The ethnic minority communities of Britain have achieved a voice to which the state must pay some heed. It could be argued that an official policy of cultural diversity – mistaken as we see it – would not be in place if the state did not acknowledge and to an extent fear that voice.
But who speaks for the poorest white sector of the British population, by no means an insignificant minority, or even suspect it of any voice worth heeding? Perhaps, God help us, the British National Party? Fortunately not. Britain's deprived whites have confounded any expectation that sheer despairing anger at the chronic neglect of their plight would drive them into the embrace of rightwing extremism. They appear by their resounding silence deaf to the BNP's claims of white supremacy. Is it because deprivation leaves one apathetically disinclined towards politics of any sort? Or do these folk know something that has eluded the BNP and the privileged rest of us? Perhaps the answer is, yes, they do, which is not to confuse race with class antagonism, a wisdom that has apparently gone out of fashion in the other sectors of society. No one to our knowledge has much bothered to research the real whys and wherefores of their views, nor consider their aspirations which they are presumed not to have.
An exclusionist terminology, every bit as pernicious as that inflicted on the ethnic minorities, has been applied to them: 'terminally unemployable', benefit scroungers', 'sink estate denizens', and most injuriously, 'white trash'. Our vote-greedy politicians have been reprehensible in dismissing these citizens as politically weightless – a sort of post-industrial detritus that can be swept out of sight and mind. These residues of the dis-employed are not only inner city dwellers but are found in the scatterings of gutted mining and rural communities.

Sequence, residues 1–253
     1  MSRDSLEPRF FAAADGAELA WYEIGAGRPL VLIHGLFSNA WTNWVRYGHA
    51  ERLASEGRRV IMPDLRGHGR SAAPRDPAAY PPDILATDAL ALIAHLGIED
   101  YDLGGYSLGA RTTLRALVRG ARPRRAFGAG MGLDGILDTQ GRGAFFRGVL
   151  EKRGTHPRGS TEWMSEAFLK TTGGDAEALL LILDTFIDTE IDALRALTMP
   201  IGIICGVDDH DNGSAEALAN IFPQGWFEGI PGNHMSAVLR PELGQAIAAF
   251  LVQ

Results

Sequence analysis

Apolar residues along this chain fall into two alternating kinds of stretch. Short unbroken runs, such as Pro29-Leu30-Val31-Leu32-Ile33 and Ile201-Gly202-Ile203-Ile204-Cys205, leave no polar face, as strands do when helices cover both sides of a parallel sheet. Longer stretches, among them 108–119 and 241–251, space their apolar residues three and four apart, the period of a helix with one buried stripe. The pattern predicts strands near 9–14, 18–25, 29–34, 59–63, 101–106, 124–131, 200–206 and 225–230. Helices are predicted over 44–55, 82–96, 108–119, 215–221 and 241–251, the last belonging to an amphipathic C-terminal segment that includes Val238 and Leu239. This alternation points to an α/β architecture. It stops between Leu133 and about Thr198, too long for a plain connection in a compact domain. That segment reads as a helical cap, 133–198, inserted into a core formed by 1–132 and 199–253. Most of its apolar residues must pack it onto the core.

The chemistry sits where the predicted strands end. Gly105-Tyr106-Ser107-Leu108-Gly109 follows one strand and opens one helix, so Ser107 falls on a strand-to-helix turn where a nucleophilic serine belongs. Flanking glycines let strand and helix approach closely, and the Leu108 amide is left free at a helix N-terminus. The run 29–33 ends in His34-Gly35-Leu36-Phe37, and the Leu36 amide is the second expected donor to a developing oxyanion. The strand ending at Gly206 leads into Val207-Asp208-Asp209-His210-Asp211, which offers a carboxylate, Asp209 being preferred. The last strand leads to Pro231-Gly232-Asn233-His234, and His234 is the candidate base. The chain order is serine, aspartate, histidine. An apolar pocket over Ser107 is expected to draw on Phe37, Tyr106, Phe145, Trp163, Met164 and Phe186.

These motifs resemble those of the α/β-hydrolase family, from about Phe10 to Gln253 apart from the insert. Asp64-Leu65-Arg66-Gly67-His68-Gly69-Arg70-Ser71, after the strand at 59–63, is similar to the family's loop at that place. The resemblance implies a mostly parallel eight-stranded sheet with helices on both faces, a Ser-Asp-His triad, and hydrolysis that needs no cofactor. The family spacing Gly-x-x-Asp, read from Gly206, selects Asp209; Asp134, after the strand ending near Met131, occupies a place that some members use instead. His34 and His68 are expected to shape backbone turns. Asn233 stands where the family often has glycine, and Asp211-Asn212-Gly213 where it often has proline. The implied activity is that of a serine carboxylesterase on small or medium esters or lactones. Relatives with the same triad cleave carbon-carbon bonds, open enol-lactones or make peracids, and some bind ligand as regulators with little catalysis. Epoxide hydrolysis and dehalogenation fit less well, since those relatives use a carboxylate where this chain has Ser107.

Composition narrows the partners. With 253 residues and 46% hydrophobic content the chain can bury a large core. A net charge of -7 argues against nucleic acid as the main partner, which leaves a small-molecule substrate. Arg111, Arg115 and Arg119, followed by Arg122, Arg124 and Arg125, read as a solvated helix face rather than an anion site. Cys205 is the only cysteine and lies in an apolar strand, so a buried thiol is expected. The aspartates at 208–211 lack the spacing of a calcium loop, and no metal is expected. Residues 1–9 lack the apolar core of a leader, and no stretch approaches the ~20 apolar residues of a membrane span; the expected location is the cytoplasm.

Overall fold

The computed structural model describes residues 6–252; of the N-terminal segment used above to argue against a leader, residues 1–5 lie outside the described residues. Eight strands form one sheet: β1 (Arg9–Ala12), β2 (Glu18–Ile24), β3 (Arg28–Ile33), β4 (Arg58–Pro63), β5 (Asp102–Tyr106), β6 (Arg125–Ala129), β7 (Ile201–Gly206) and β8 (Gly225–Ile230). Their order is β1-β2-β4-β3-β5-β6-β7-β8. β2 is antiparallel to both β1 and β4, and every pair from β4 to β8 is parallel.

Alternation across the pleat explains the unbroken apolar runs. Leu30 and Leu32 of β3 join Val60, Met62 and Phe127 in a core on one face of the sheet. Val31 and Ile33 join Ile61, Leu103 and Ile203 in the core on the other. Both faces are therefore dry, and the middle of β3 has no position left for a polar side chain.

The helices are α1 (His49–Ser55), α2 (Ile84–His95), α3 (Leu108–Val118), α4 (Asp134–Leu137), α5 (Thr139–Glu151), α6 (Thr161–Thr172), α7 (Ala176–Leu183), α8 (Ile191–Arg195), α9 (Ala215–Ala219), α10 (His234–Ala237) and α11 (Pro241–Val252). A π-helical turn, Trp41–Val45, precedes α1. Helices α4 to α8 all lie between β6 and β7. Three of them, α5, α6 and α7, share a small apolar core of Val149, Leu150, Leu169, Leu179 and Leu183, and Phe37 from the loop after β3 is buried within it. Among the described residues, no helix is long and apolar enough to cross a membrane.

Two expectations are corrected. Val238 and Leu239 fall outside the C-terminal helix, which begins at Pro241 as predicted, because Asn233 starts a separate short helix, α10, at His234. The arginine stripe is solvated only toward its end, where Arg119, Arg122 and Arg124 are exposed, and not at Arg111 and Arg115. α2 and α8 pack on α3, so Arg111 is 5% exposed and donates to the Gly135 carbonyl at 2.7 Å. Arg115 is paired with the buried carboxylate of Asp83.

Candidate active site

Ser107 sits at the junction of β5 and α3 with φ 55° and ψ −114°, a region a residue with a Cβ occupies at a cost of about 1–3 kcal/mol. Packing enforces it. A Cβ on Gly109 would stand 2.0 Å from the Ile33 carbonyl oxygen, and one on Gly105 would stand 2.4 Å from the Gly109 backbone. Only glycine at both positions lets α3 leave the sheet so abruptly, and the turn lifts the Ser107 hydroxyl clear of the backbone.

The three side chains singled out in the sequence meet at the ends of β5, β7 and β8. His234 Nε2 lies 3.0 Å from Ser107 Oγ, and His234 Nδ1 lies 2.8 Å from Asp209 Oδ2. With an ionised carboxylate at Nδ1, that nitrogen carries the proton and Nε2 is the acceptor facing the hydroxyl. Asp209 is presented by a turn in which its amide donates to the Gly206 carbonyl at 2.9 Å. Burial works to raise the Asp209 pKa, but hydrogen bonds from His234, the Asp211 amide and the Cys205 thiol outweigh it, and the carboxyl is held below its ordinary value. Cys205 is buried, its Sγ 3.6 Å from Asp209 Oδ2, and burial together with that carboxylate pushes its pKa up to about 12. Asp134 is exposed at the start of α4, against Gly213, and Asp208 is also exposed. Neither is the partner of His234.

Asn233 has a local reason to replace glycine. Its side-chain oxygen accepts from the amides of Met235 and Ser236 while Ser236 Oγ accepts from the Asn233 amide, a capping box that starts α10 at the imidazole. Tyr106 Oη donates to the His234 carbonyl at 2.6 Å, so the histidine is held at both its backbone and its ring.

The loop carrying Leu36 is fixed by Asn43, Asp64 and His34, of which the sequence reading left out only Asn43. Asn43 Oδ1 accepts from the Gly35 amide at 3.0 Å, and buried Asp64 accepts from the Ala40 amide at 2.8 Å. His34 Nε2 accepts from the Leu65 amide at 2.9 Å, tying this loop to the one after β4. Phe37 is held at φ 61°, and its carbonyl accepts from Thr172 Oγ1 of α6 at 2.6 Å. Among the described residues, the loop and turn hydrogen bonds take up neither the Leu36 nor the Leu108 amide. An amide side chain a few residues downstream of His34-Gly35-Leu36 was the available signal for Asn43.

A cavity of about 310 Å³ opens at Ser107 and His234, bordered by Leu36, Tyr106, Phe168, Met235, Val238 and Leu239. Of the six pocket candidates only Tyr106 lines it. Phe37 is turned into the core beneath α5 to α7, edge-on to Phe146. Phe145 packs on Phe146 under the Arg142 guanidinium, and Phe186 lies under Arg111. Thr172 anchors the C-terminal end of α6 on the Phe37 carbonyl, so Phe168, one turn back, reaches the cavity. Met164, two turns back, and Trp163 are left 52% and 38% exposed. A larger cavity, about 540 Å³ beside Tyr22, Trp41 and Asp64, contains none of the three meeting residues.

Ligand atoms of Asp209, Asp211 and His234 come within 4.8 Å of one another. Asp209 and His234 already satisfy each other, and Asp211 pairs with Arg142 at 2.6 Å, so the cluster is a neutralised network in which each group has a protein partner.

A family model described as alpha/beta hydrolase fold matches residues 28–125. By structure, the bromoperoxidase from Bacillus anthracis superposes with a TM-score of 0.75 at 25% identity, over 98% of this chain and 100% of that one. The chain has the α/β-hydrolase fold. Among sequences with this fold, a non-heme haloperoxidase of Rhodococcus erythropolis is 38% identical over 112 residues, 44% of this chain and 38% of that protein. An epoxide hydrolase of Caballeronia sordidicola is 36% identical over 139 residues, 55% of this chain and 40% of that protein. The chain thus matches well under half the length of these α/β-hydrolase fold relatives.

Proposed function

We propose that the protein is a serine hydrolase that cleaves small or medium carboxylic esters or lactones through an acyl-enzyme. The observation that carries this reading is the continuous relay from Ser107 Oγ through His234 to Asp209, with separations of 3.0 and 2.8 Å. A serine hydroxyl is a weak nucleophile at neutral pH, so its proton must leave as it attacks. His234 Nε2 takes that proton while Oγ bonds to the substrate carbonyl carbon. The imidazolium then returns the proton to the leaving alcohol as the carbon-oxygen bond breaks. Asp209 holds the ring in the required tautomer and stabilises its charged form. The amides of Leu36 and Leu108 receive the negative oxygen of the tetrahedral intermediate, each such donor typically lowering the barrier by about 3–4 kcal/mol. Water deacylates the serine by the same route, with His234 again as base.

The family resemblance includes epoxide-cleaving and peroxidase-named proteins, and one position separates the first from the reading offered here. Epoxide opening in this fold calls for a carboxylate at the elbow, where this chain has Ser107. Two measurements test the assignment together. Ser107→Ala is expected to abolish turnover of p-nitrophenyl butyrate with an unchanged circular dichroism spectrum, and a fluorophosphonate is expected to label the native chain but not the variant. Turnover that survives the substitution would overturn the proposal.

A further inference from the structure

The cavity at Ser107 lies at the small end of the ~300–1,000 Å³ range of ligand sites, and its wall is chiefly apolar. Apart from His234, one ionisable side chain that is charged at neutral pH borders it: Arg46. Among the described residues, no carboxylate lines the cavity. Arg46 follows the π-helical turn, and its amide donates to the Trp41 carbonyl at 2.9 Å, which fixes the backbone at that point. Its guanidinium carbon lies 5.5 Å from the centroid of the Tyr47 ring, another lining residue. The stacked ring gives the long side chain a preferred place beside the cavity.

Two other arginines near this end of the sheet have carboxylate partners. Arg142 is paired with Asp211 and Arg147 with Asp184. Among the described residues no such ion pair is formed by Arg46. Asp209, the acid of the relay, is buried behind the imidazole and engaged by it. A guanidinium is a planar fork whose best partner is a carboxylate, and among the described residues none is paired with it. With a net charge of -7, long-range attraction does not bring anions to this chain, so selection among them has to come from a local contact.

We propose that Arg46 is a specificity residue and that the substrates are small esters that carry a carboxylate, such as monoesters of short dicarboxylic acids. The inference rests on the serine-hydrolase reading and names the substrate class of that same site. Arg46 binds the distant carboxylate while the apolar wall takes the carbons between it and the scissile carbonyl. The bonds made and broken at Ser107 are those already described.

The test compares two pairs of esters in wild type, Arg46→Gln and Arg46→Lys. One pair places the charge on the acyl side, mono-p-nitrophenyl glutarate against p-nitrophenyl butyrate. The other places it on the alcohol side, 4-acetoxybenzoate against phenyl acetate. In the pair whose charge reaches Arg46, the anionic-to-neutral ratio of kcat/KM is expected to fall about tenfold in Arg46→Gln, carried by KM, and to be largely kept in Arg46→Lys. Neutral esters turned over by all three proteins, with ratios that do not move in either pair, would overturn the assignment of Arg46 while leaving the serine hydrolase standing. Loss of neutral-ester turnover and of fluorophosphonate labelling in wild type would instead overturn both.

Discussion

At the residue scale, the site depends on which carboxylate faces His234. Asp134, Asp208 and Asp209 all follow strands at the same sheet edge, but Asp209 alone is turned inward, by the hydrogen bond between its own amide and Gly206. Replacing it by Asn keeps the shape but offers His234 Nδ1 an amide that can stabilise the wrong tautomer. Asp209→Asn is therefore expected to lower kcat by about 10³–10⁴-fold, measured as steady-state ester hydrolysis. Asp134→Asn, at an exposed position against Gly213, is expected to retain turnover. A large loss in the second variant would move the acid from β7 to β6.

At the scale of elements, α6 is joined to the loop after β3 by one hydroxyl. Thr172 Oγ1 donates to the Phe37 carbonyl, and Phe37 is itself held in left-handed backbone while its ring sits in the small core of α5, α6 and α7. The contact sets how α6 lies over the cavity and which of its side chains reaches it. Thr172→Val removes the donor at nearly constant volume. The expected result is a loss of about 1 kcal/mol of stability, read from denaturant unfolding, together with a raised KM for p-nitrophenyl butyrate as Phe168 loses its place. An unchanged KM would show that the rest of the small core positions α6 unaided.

Where is the government funding for community organisations aimed at their needs? What are the measures envisaged for their cultural integration and participation in an equitable society? What, and more to the point, where is their 'heritage' in a society that has no place for them? Our faith in a genuinely integral but diverse British culture expressed in this Report would be mere 'tinkling brass', in the words of St Paul, if this situation is allowed to continue without foreseeable remedy.
What is to be done? What cannot be done is to speak for them – or even to speak of 'them' in such reductive anonymity as the 'others' in our midst. Our recommendation is in the first place to acknowledge the silenced who are the segregated outcasts within our shores, and then to agree on the practical integrational steps, educational, cultural and social to rectify the injustice.